(ARA) - When school lets out for summer, exchange those flip flops for gardening shoes. Add a pair of gloves, good sun-block and get out into the garden.
why the garden is so green and plentiful. How does a plant grow? Show and demonstrate what building blocks a plant needs to grow big and strong - just like the foundation kids need to grow tall and stay healthy.
Here are some ideas to help get summer fun started.
Plant part identification - Use a flower or tree in the yard to start with the basics. Work from the ground up, and have children wiggle their toes deep into the soil to demonstrate how roots stabilize plants. Have them wave their arms to show the supporting stems and branches. Sprinkle a bit of water to demonstrate the water coming into the plant through its roots.
Building blocks - Identifying plants ties in well with showing what plants need to grow strong. Here are some places to start:
* Soil - Most plants need soil to find enough nutrients for growth. But, there are some plants that survive well with minimal soil. Take children for a walk and see if they can find plants growing in strange places - a dandelion between sidewalk cracks or a tree that appears to be growing directly out of a rock. If there is a tropical greenhouse in your community, plan a visit and see if you can find fruit growing directly on a tree. This can start a good conversation about where these plants are finding nutrients to survive.
* Food - Plants get food and water through the roots. Food comes in the form of nutrients found in the soil. Many gardeners enhance the soil with plant food like Miracle-Gro LiquaFeed All Purpose Plant Food. This feeder attaches directly to the garden hose to spray plants and flowers with the nutrients needed to grow. It is best when used once a week to once every two weeks during the growing season. Do a simple comparison by feeding one potted plant, but not another. See which one grows bigger, has more flowers, gets greener leaves or produces more fruits or veggies.
* Water - Mother Nature usually does a good job with providing plants the water needed to keep them hydrated and strong. Install a water gauge in the garden to help measure the rain that Mother Nature sends. Let your kids help you water or set up a sprinkling system for the days that lack rain. Why is water important to plants and people? If a plant has drooping leaves or limbs, water thoroughly and see how long it takes the plant to perk back up and recover. Talk about how this is similar to playing a game of kickball or soccer without drinking water: how does that make you feel?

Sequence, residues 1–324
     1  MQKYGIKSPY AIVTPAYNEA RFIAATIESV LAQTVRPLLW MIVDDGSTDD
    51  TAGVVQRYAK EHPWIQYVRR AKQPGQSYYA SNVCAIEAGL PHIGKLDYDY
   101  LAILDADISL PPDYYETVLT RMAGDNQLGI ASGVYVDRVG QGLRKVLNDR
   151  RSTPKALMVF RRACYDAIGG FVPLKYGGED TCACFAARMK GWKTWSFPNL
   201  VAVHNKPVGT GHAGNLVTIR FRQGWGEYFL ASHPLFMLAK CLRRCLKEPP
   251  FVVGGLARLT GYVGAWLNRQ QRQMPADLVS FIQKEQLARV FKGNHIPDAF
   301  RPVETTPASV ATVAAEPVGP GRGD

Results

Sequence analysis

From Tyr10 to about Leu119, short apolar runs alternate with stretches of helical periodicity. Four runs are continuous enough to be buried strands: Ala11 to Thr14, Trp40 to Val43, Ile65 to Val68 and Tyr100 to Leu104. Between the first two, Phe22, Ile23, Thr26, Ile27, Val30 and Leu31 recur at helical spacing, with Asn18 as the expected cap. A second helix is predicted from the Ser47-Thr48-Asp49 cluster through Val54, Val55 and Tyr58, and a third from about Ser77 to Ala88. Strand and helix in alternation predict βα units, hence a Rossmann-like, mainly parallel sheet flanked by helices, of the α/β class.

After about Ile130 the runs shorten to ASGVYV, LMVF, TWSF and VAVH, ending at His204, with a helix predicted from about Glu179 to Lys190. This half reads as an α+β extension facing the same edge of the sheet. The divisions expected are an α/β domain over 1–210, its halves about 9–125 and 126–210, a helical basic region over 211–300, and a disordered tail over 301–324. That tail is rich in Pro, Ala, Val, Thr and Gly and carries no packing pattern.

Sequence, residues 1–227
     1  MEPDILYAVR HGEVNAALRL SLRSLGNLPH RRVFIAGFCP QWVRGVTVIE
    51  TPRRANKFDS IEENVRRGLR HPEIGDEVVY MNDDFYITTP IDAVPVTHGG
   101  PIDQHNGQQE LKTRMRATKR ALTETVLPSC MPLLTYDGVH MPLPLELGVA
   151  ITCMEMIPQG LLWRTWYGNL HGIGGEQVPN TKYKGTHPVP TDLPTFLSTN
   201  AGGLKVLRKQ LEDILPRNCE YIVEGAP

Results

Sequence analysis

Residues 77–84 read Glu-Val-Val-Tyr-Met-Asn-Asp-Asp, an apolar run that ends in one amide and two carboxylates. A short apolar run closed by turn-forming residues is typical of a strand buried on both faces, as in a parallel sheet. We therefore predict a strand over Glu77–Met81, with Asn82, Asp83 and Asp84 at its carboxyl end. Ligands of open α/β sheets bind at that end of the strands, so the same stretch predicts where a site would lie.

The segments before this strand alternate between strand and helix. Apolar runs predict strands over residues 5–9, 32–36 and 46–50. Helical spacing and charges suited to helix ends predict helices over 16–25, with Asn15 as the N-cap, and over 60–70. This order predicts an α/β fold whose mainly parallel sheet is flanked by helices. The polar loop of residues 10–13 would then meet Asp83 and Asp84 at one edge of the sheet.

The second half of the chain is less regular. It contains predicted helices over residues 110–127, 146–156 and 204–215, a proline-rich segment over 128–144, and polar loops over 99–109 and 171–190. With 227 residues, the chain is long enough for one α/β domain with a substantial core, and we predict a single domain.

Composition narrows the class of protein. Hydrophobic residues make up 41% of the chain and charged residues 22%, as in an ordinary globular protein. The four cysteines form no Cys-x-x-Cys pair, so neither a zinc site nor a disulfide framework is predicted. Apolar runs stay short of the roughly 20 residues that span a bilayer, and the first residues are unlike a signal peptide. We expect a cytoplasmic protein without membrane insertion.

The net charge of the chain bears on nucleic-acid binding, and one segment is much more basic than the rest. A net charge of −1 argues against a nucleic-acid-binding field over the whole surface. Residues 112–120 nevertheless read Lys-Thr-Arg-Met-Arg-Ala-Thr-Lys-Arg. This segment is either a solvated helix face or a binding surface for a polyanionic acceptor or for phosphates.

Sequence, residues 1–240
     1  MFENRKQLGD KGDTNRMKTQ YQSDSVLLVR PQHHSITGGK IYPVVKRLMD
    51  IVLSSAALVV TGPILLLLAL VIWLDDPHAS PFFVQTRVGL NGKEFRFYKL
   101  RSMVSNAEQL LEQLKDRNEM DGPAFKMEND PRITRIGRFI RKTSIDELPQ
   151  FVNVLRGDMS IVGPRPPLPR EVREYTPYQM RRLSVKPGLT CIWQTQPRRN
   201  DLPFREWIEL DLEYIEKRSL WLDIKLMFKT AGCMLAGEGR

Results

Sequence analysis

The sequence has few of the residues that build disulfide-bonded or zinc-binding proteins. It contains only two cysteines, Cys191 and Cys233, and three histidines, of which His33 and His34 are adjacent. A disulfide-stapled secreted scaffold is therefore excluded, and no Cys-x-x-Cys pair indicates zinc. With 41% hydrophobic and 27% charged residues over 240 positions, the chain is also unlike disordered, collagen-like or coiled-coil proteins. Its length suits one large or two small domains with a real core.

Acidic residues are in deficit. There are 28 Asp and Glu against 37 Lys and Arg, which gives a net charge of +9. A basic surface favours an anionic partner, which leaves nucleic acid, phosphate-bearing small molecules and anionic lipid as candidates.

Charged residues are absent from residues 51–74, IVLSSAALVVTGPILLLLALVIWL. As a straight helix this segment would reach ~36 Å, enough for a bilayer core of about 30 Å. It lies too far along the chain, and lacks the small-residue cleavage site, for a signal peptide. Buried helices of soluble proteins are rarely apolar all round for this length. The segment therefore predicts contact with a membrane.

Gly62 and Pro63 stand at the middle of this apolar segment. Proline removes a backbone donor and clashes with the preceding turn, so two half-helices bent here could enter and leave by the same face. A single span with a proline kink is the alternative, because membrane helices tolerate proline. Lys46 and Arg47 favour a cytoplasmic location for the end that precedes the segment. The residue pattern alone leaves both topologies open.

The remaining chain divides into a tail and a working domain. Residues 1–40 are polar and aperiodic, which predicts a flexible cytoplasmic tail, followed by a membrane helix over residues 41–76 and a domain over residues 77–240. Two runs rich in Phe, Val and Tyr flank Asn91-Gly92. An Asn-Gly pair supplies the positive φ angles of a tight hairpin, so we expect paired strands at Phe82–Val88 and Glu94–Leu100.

A fun learning fact is that big trees, on average summer days, could lose about 900 gallons of water through their leaves. Hold a glass near your child's mouth, and ask them to exhale. The moisture will condense on the glass. Explain that the body is losing moisture through breathing and skin, just like the tree does through leaves.
* Sunlight - Photosynthesis is a big word for small children, and the chemical result of chlorophyll in the leaves taking the sun's energy and converting it into sugar might be a little much for youngsters. But, you can educate them about how plants need sun with a demonstration. If there is a potted plant inside your home leaning toward the window, ask children to rotate the plant so it leans away from the window, then watch the plant for a couple of days. Soon you will notice that the plant is standing more upright, or even leaning again toward the window. What are the leaves doing with all that sunlight they are gathering up? Much the same way a chef takes ingredients to make a meal, a plant uses chlorophyll (the stuff that makes leaves green) to take in sunlight and convert it to energy (sugar). This "energy" can be used by the plant or used by us when we eat the fruits, veggies or leaves of the plant. Eat some plant parts and see which taste more sugary: carrots (roots), lettuce (leaves), asparagus (stems), corn (seeds), or apples (fruit).
There are many other fun lessons to be found when growing flowers and vegetables. If you and your kids or grandchildren want to expand your summer education program, consider starting the youngsters on a small greenhouse so they can easily see how water, sunlight, food and soil help their vegetable plants to grow and produce yummy veggies.